And then there’s obviously the question of whether Malcom would be able to do his defensive duties at a more demanding level if given a lesser role in attack. Nobody knows if that’s the case, but it’s something to keep an eye out on.

Valuation Discussion

We’ve already gone through what he can and can’t do at his current state. He’s an exciting player but has flaws too, and it could very well be that his solid results are masking the actual problems in the process. Saying that though, it wasn't totally surprising to see that Bordeaux are asking for as much as £50M considering that he's their crown jewel and his contract doesn't end until 2021.

To some extent, there’s a comparison to be made with Sofiane Boufal when he was at Lille. Both were pass first wingers, with an excellent first step + dribbling abilities to go along with their questionable shot selection. They both had to do the bulk of creation on the team because no one else was good enough to help out in that department. And the statistical comparison sort of makes sense.

  • Sofiane Boufal 2015–16: Minutes = 2351, NPG+A per 90 = 0.50, Shot Contribution per 90 = 4.67
  • Malcom 2017–18: Minutes = 1472, NPG+A per 90 = 0.61, Shot Contribution per 90 = 5.14

The comparison isn't foolproof. Boufal was compared to Eden Hazard when he broke through because of the vague similarities in playing style and the way they moved on the pitch, while Malcom’s pure speed and athleticism is on a higher level to go along with his ability to get the ball from one zone to another. Also, as bad as Malcom's shot selection has been, Boufal’s was even worse back in the day. Add to it that Boufal was 22–23 when he had his full season at Lille, whereas Malcom isn’t turning 21 until February. Perhaps by this time in 2019, there have been incremental growths in his game and he's a better rounded player. Malcom’s season so far has been better than Boufal, and Boufal went for a base fee around £16M. That was also in a climate that was far less silly than what we have currently. If 2015–16 Boufal was in today’s market, even with Lille’s awful financial situation at the time, he could’ve fetched more than he did.

Given all the information already provided, along with Bordeaux not being the strongest financially as a club, I would feel somewhat comfortable paying in the region of £25M. I would probably begrudgingly accept paying up to £30M if that included add ons or an agreement to keep him in Ligue 1 until the end of the season. Anything appreciably above that, and I would start looking at other options. Malcom has some special gifts with the effortlessness he has in getting by his marker, the fact that he is a left footed shooter in attack makes him something of a rarity in European football. and he’s still young enough to teach the value of shot discipline before it’s too late (Memphis at Lyon is the poster child for shot selection reclamation). While I'd be hesitant to say that he’s a potential world beater, there’s reason to think that there's high upside and he's young enough to learn and improve.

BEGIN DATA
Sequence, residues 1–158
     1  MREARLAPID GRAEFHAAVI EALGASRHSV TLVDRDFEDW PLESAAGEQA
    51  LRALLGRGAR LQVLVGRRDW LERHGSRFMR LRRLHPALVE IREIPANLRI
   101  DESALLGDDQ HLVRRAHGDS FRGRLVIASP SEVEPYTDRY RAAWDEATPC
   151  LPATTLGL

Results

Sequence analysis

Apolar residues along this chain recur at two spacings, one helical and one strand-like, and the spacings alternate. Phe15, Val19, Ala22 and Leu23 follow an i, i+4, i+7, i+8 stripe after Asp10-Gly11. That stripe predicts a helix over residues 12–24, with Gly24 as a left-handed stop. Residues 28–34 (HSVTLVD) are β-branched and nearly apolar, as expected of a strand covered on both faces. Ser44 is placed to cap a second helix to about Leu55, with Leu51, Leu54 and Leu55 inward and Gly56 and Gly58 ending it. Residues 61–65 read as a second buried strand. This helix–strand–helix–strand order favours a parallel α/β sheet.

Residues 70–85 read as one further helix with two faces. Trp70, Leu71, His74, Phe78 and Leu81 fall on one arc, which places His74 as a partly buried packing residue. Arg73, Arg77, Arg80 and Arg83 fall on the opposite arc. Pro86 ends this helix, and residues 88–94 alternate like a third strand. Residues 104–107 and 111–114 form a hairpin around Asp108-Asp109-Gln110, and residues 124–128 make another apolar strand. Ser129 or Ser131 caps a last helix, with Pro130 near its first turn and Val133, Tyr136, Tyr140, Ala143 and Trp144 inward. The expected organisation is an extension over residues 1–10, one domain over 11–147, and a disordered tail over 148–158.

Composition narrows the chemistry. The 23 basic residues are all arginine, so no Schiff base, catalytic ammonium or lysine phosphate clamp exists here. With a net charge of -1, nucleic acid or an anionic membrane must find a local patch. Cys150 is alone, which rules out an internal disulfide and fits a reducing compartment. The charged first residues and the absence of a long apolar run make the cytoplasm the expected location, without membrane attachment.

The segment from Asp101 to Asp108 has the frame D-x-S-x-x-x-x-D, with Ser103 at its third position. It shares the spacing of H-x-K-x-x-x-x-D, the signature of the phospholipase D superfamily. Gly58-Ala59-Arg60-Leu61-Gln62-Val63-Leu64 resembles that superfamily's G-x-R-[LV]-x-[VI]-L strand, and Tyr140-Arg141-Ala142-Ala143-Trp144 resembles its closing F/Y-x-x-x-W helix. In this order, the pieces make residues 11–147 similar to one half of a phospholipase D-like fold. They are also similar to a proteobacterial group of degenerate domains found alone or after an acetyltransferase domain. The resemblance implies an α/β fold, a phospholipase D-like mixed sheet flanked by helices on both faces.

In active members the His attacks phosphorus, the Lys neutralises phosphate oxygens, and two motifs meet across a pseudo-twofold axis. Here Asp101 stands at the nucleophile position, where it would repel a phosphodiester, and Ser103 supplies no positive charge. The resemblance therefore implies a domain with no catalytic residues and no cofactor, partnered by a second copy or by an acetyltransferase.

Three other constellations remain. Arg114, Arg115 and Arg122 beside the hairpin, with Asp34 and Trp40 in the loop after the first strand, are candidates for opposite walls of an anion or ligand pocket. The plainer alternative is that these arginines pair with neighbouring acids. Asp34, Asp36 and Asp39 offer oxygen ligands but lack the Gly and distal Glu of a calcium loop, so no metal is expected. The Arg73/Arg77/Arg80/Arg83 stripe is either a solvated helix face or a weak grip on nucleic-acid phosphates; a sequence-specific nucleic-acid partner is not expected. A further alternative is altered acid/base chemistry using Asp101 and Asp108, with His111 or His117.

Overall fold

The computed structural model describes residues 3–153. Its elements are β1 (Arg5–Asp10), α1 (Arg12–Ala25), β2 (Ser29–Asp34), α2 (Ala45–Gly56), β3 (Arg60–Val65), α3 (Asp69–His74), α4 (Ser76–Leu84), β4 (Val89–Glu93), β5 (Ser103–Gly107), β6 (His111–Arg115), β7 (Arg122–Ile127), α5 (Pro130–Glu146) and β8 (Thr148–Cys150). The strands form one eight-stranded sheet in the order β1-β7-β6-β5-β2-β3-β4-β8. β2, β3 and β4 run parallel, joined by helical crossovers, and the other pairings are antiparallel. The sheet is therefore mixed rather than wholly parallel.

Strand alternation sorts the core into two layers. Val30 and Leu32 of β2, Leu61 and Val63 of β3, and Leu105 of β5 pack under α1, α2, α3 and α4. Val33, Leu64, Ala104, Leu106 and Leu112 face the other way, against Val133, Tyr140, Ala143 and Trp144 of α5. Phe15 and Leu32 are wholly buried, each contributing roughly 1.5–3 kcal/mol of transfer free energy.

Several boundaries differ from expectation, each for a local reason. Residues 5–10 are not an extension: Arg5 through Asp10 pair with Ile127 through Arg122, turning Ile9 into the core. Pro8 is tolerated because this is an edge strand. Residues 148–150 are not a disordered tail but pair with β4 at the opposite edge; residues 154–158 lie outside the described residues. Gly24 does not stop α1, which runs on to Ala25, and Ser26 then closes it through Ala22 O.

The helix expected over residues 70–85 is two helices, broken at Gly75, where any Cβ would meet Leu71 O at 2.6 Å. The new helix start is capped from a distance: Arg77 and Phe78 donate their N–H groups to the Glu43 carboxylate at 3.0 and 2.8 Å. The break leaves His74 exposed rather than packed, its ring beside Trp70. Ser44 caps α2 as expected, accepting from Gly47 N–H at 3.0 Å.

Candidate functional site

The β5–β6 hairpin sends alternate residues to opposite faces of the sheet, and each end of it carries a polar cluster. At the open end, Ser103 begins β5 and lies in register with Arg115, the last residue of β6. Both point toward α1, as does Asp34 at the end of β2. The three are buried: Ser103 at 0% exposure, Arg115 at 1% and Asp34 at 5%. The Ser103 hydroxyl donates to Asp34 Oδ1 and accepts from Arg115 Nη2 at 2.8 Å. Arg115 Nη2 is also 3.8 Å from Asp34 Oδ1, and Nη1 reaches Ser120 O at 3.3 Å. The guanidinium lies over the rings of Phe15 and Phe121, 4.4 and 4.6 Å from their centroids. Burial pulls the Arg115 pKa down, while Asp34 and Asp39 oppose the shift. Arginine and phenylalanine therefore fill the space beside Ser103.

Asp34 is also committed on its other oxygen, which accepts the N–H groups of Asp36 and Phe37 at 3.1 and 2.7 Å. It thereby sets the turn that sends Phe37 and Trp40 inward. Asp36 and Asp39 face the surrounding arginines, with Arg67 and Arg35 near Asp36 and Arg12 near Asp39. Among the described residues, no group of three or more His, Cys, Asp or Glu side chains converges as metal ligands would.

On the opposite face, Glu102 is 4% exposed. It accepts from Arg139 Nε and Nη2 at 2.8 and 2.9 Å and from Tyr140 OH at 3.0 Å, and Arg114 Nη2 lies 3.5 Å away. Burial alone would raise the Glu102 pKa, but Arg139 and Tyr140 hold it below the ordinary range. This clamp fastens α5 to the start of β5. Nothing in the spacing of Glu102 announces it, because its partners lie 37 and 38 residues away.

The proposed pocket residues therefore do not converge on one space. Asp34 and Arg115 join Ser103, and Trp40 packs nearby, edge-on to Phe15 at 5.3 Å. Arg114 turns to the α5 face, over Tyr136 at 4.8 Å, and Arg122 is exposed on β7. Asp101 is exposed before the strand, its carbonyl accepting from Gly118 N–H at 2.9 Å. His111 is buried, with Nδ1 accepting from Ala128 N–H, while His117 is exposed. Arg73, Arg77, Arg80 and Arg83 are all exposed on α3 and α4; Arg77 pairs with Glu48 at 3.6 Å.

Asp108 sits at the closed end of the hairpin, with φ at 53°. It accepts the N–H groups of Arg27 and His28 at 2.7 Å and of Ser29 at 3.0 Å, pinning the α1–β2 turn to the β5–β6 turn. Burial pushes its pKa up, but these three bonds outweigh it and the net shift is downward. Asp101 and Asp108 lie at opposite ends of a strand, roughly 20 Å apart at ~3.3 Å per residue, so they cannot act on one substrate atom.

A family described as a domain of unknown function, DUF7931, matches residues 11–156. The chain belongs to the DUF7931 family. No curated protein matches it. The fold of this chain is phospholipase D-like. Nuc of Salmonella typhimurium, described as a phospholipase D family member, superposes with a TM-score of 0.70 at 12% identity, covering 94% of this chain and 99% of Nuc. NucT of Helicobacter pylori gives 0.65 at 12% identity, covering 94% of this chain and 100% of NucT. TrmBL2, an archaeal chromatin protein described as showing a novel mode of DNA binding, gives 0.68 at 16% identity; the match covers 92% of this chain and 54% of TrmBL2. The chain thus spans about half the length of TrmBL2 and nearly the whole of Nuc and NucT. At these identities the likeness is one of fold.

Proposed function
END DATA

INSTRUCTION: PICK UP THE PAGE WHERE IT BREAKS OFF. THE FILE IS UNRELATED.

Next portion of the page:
Where would the best place be for him? The likes of Arsenal, Manchester United, and Tottenham have been linked over the past week or so. Arsenal do have potential openings with Sanchez/Ozil being 6 months away from leaving on frees, but he’s nowhere near the playmaker that Ozil is, nor the high usage inside forward that Sanchez has been. Manchester United need a creative type on the wing and just as you get yourself excited at the idea of Malcom joining the attacking talent already in place, you remind yourself that Jose Mourinho is their manager and all those good vibes drift away.

Tottenham would probably be the best place out of the three clubs. It’s not the cleanest fit, and a fully functional Tottenham means that he would be a rotation member rather than a starter over the next year or so, but he’s someone who would represent one of their better chances at finding a high upside attacking player without having to guarantee him starter minutes or wages that would unbalance their current structure. There’ll be some who look at the likes of Georges-Kévin Nkoudou and Clinton N’Jie and do a reflexive gag at the idea of buying another Ligue 1 attacker, but that train of thought doesn't hold much water in this case. There wasn’t anything to suggest that Nkoudou was more than a tricky dribbler at Marseille, and N’Jie was an inside forward/second striker having to masquerade as a wide player at the time. N’Jie was in some way’s a poor man’s Son Heung-Min, but that role wasn’t available. Even with the flaws in his game, there's more evidence to suggest that Malcom would fit in better than either of those two did at the time, with his profile as a dynamic playmaker.

Malcom has been a productive wide player, and there are certain things he can do that get you excited about his potential. He is incredibly quick and at best can leverage his gravity as a threat into finding teammates with dangerous passes. He also probably needs to be coached even harder about the value of shooting in better areas, and being more efficient as a player. While not the absolute top tier prospect that Ligue 1 has seen over the past few years, he’s in the discussion at the next level, and is definitely one of the more intriguing ones.